My only other fight, in my entire life, was on Franklin Street in Chapel Hill. My large group of friends were drunk and in a meat market dance club called Players. So were members of the UNC wrestling team. One of those dudes and one of our dudes had words. Both dudes agreed to take it outside. All their dudes and all our dudes followed. Once outside, their dude beat the ever-livin' shit out of our dude, and it wasn't even a contest. Unfortunately, their dude also pulled a Mike Tyson and started chewing on our dude's ear while choking him so intensely that our dude was turning the same color as Violet Beauregard in "Willy Wonka and the Chocolate Factory."

Sincerely fearing for my dude's life, I screamed at their dude to stop and ran forward to break them up. From a direction I can't even describe or explain, something landed in my diaphragm with the force of a medicine ball and sent me reeling back into a storefront, collapsing in a heap to the pavement. Friends tell me 10 minutes passed before I was capable of speaking. I found out later that one of the other wrestling dudes had bum rushed me and landed a shoulder right in my mid-section at high speed -- what was he, four feet tall?? Mini-me?? -- sending me into the wall, where he then punched me in that same general area once, upon which I crumpled like Princess Leia in a garbage compactor. Although I can't be sure, I suspect the dude who KO'd me with one and a half punches cried after it was over, only because he'd picked the one dude who was completely incapable of even putting up anything resembling a fight.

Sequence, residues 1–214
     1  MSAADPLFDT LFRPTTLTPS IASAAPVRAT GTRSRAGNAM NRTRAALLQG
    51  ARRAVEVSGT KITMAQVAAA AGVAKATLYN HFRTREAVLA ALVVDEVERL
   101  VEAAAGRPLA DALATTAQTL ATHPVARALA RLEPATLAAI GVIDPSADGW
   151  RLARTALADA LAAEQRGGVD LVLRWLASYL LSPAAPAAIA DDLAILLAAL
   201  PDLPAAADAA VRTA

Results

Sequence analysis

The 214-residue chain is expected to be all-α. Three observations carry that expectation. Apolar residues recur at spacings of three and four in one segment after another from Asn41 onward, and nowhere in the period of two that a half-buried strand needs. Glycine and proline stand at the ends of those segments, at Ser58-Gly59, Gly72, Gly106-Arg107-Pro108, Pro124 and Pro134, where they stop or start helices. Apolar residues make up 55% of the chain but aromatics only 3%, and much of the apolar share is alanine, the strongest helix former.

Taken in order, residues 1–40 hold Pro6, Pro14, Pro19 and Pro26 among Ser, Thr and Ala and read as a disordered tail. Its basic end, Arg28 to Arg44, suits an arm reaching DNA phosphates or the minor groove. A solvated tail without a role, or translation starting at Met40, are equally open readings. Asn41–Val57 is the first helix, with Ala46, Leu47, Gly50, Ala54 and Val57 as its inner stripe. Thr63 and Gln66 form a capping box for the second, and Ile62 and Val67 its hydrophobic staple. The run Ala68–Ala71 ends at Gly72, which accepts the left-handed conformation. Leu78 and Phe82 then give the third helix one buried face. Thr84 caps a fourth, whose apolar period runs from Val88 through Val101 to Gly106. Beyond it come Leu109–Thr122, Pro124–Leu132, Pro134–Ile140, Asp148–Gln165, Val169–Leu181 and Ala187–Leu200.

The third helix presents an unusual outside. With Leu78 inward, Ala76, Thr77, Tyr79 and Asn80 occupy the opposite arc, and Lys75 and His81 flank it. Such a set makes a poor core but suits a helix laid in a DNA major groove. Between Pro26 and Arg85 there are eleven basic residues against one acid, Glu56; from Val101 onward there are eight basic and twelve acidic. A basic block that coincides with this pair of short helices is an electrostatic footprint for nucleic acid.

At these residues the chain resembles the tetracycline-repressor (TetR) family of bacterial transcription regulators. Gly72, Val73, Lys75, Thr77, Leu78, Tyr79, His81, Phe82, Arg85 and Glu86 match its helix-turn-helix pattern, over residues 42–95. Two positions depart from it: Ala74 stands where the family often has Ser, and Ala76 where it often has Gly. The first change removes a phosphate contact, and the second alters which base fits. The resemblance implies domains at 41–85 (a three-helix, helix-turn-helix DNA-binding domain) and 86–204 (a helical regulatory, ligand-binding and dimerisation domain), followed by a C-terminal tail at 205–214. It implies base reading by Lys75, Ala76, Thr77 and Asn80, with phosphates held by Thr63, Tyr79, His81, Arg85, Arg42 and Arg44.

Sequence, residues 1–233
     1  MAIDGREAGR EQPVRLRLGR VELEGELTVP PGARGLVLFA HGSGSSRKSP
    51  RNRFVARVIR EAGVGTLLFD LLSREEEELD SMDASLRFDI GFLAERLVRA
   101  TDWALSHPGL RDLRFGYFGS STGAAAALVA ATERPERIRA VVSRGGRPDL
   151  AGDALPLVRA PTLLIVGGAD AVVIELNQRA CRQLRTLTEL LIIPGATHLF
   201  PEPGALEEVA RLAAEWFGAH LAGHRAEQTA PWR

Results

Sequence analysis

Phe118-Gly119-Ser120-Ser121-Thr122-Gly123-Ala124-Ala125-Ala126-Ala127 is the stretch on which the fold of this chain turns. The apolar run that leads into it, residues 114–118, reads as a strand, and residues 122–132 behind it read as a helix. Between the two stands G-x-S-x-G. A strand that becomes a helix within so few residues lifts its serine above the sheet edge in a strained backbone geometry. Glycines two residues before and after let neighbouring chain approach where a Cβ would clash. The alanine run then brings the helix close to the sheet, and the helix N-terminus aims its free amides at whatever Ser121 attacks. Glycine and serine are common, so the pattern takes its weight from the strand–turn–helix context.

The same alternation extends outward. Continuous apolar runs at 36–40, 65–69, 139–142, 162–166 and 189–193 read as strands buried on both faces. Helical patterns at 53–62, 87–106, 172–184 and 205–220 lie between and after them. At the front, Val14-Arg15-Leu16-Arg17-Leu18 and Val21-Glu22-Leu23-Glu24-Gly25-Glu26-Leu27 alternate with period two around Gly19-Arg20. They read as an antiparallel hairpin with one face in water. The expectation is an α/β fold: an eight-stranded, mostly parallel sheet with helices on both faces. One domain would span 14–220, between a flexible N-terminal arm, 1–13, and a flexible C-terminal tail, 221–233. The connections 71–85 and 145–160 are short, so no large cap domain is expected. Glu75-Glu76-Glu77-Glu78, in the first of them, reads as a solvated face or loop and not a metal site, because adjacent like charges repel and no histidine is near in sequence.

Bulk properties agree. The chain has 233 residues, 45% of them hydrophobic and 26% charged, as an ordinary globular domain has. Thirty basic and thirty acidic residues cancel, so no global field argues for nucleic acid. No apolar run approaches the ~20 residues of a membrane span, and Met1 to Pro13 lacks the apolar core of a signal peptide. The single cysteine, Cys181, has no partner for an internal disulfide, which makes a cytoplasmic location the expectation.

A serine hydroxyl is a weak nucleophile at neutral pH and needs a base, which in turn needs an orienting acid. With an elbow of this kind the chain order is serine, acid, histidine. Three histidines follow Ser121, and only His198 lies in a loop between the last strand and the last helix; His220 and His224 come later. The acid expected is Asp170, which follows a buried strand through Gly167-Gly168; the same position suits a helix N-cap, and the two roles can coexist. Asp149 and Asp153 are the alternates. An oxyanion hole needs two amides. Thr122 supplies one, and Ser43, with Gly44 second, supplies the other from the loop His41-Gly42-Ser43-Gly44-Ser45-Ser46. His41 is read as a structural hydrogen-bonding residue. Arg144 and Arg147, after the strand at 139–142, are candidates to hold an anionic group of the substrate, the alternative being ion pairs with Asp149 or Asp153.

Point is, I don't get fighting. Never have, and likely never will. If I ever say the words, "I'm a lover, not a fighter," it's not so much that I'm bragging about my amorous skills as a simple process of elimination.

The Buffalo Tom tune is off their latest awesome album,  Three Easy Pieces. Highly recommend it. It's available on eMusic, iTunes and Amazon.com. Can't find the Rob Zombie tune anywhere.

5 comments:

Daisy said...

All of the men in my life fall into the lover rather than fighter category. This being said I am pretty sure all of them have been engaged in some sort of physical altercation (probably playing defense not offense) at least once. I know far more woman I would classify as fighters, but I'm pretty sure none of them has every swung a punch. So why is this? Nature or Nuture?

Anonymous said...

How come you've been in more fights than me? That makes no sense whatsoever.

Sincerely,
Homeslice

The Big Nichols said...

I was in a Franklin St. bar once and got tossed for an almost-fight between a friend of mine and the entire UNC Lacrosse team. We didn't stand much of a chance but talked a big game on the way out.

Tockstar said...

Ah, the smart-ass comment/running away tactic. I used that a lot myself. Of course, I'm a girl, so it was a more widely accepted approach. :)

But seriously, girls don't fight because they suck at it. And I don't mean throwing wimpy punches, I mean we seem to lack the desire for physical retaliation. The punchee rarely punches back. I liked to make smart-ass comments to girls who were much bigger and meaner than me. They would inevitably hit me or push me down, but I only cared about the one-liner. I can't even tell you how many times I spit pea gravel out of my mouth and waited for my wind to come back while thinking, "Heck yeah, that'll learn her to mess with the likes of me."

strangers_have_the_best_candy said...

I truly enjoyed this post.
My first and only pathetic fight came in the a dorm that will remain nameless. My roommate and I scuffled and came to an agreement of battle. We met in the hall after study hall when an abnormally lazy ;)advisor was on duty. I ran at him with my head down. He holds his fist out and I run into it. I fall and break my wrist. I guess you can say I'm saving this story for the ladies.